Despite the ubiquity of Amazon.com and the easy, once-removed connection provided by online social networks, I think there’s still plenty of room for a brick and mortar bookstore that is also a Third Place. I’d love to see it happen. Heck, I’d love to help see it happen, under the right circumstances and with the right people.
Here’s how I see it.
How To Reinvent Brick and Mortar Bookstores
The key to realizing a viable reinvention of the bookstore and establishment of a Third Place is to swap the priorities. Rather than a bookstore where people can also drink coffee, eat dessert, and hang out for hours, approach it the other way.
Build a place where people are encouraged to eat and drink and hang out for hours… and buy any book that strikes their fancy.
“So, what,” I hear you say, “a ‘coffehouse / bookstore’ instead of a ‘bookstore / coffeehouse?’ That’s the big idea?”
Not A Coffeehouse
I’m not talking about a coffeehouse model. Coffeehouses aren’t truly designed to be effective, encouraging Third Places. The seating is (intentionally) uncomfortable. The tables are small.
I’m talking about a floorplan designed to keep people there for hours… and get them talking with each other; engaging with one another.
Seating is a big part of this. Rather than small tables with uncomfortable chairs and big comfy chairs with inadequate tables (the standard coffeehouse arrangement), how about this:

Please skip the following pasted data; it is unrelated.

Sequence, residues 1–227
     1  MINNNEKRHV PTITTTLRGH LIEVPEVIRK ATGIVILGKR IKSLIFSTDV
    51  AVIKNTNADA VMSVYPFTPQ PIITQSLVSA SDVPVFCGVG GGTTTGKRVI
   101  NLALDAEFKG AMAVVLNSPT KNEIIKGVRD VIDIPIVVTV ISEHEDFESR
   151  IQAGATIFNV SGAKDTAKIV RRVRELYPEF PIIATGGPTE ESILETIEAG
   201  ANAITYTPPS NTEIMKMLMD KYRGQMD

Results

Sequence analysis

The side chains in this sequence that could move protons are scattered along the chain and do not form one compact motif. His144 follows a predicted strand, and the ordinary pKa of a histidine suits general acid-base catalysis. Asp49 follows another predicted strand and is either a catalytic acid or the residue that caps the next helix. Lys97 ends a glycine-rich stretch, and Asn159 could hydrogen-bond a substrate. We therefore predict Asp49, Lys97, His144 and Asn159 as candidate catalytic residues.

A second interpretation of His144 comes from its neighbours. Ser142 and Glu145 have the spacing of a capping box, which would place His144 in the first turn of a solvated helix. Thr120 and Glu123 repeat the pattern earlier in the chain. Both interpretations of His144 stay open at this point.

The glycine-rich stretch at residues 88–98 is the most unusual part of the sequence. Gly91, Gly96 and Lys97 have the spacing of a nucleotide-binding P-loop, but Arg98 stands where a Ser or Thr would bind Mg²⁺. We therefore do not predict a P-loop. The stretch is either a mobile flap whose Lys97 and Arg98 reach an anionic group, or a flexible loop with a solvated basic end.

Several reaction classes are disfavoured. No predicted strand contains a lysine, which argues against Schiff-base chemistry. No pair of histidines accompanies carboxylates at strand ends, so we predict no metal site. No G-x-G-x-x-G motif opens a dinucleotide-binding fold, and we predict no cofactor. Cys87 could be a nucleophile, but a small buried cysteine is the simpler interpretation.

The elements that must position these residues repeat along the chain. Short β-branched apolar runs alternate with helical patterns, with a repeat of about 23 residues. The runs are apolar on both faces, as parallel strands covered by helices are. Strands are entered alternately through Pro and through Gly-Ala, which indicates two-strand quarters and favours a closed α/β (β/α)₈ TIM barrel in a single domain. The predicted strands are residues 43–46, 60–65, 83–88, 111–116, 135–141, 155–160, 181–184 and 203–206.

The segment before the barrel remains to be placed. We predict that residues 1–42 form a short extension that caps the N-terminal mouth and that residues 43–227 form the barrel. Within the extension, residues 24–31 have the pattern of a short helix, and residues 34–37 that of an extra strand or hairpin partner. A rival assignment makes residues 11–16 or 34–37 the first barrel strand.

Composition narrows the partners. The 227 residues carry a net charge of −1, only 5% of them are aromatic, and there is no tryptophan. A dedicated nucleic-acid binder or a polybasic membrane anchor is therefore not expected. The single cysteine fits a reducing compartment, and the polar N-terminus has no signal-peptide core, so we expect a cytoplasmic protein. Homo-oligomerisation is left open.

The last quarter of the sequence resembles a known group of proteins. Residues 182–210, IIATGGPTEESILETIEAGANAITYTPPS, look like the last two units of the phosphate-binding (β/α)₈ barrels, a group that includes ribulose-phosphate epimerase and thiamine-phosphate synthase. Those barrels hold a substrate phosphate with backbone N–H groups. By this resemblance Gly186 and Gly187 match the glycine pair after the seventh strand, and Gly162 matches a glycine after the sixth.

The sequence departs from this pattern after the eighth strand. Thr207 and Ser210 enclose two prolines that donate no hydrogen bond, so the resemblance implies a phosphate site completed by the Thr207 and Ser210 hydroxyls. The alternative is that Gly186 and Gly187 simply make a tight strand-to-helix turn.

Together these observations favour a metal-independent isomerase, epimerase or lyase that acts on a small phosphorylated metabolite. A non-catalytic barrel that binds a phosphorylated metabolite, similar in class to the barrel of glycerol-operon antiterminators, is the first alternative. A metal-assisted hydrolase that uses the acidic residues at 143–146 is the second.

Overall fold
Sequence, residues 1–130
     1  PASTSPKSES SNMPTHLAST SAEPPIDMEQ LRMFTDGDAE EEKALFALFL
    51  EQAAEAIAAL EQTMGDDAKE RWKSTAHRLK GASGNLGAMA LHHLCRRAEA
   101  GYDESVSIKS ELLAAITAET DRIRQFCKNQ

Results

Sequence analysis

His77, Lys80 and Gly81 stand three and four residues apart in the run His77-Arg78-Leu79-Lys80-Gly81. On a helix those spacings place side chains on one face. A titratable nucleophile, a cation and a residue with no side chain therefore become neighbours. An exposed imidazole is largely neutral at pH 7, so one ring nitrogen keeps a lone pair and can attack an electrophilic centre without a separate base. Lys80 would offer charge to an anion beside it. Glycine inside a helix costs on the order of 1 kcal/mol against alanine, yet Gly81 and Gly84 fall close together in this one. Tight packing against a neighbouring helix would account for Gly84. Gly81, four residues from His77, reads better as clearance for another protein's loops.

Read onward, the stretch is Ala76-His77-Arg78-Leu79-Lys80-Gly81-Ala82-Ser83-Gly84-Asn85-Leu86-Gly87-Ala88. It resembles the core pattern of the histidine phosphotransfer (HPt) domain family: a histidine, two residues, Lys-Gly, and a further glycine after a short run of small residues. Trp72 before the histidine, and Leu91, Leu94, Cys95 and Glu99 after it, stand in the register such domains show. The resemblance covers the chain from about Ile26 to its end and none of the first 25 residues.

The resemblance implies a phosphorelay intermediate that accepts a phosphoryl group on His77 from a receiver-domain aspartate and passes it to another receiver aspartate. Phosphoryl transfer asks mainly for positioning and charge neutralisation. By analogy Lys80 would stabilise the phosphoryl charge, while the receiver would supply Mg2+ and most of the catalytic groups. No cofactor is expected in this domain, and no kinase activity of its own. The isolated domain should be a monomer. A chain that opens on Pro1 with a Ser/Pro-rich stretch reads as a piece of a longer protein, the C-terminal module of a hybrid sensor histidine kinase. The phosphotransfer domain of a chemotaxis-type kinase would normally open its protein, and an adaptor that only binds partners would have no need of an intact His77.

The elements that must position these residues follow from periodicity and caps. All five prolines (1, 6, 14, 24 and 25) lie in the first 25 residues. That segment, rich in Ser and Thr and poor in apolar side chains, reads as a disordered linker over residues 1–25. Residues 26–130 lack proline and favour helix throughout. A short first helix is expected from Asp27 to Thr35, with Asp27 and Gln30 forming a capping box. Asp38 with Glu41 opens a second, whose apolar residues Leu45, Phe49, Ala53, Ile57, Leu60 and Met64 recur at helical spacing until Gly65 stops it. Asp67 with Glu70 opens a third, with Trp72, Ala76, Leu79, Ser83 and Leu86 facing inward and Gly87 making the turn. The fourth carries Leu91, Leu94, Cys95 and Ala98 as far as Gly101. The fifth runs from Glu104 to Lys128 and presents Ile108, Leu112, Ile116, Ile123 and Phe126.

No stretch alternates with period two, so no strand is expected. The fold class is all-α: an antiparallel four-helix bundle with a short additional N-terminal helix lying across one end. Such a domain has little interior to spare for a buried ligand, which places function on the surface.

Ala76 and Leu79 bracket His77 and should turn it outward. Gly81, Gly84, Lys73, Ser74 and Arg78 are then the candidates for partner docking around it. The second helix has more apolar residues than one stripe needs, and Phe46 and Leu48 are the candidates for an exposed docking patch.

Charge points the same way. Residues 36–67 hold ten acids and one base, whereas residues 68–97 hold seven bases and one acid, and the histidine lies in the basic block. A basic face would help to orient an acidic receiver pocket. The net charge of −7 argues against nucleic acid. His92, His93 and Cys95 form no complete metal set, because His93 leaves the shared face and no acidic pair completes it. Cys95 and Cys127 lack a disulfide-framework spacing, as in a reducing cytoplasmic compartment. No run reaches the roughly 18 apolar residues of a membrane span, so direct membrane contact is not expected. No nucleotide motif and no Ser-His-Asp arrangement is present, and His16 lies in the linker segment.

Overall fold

- Individual “workstation” setups — small tables with one or two chairs — are available, but there aren’t too many of these.
- There are lots of large round tables surrounded by sensible, comfortable chairs. The tables have outlets and charging stations, so you can work and hang out forever if you want, but you’ll do it next to, and across from, other people doing the same.
- Booths exist, as do small conference rooms, for a more intimate engagement with the people you bring, or the people you meet. Book clubs and other meet ups can happen here, too.
- There’s a bar. Whether or not the place serves alcohol is an open question, but darn it, there’s a bar. Get to know your barista and the person on the next stool.
- A large space, with a sound system, small stage, and rows of seating, exists off of the main room. While spontaneous conversations happen elsewhere, this is the place where seminars, concerts, small plays, readings, and comedians and performance artists do their stuff. And they can happen without disturbing folks who didn’t necessarily plan on being entertained when they showed up… and, of course, the entertaining can happen in a setting where the coffee machine isn’t interrupting every five minutes.